Smart Cities Library™

4 Urban Planning Fails We Need to Correct

4 Urban Planning Fails We Need to Correct in 2020

When urban planners envision their work for the 21st century, many often say it’ll begin with fixing the shortcomings put in place in the 20th century. However, the question remains whether professionals can make those changes quickly enough to avoid the worst consequences of their mistakes. Here are four urban planning fails that should be near the top of the list as professionals assess what to address first.

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How Architecture Changes for the Deaf

How Architecture Changes for the Deaf

We live in a world built for people who hear. But what would our man-made world look like if it were designed for those who don’t hear? Gallaudet University in Washington, DC is a school for the Deaf and hard of hearing. And they are redesigning entire buildings based on the sensory experience of those who don’t hear. They’ve only…

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Smart Cities Could Give The Blind A New Outlook On Urban Life

Smart Cities Could Give The Blind A New Outlook On Urban Life

Traveling to work, meeting friends for a catch up or just doing some shopping are often taken for granted by people with no known disabilities. For the visually impaired, these seemingly simple things can be a serious challenge. But imagine a city equipped with technology that enables the visually impaired to recognise people, places or even bank notes, helping them…

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Aging Population Needs Walkable, Bikeable Cities

Aging Population Needs Walkable, Bikeable Cities

Seniors have the most to gain from pedestrian and cycling improvements—yet they often feel threatened by changes that provide alternatives to driving. Here are ways to include seniors in active transportation planning. The first time someone accused me of being “ableist” I was shocked. I was advocating ways to make downtown more walkable, including pedestrianizing some streets. I view walkability…

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Disability as an Innovation Driver for Smart Cities

Disability as an Innovation Driver for Smart Cities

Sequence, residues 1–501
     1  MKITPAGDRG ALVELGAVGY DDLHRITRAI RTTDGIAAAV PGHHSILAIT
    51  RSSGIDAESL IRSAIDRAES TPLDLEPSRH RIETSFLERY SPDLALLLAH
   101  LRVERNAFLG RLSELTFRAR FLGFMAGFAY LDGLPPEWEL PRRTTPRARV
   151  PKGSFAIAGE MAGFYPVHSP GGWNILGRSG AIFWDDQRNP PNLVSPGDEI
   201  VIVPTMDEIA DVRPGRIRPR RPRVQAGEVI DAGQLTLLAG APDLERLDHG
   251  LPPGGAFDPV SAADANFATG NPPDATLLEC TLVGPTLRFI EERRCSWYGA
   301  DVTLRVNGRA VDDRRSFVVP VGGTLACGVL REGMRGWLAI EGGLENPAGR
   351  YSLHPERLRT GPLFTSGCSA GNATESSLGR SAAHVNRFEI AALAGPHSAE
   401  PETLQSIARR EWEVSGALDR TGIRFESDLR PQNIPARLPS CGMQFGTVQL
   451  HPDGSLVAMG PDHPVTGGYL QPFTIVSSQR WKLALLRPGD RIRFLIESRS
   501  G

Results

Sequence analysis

A Smart City gives its citizens all the benefits of Information and Communication Technology (ICT) to provide them with services adapted to their needs in real time. This technology can be found at different levels of society such as education, transportation, the environment, health or safety. The overall objective of the smart city is therefore to improve the quality of…

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The Experiences of People with Disabilities and Urban Safety

The Experiences of People with Disabilities and Urban Safety

Creating safe and secure urban spaces is a core concern for city managers, urban planners and policy workers. Safety is a slippery concept to pin down, not least because it is a subjective experience. It incorporates our perceptions of places and memories, but also norms in society about who is expected to use spaces in the city, and who is…

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City Planners Must Practice Everyone-Based Design

City Planners Must Practice Everyone-Based Design

I was once a live-in aide to a woman with multiple sclerosis named Marin. She was a 54-year-old Jewish hippie with a purple streak through her curly cloud of hair. She dyed the right ear of Jake, her white-furred poodle, to match. This was a conversation piece. Some people shied away from talking to her when she motored through town…

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People With Disabilities Use Lived Expertise To Make Public Spaces Better

People With Disabilities Use Lived Expertise To Make Public Spaces Better

BOSTON – The Institute for Human-Centered Design’s West End office has no stairs – only ramps. Round white panels hanging from the ceiling absorb sound to reduce echo and make communication easier. “We have built-in bidets in our toilets. We have automatic faucets and lights,” says Valerie Fletcher, the Institute’s executive director. “We learn all the time, though, about how…

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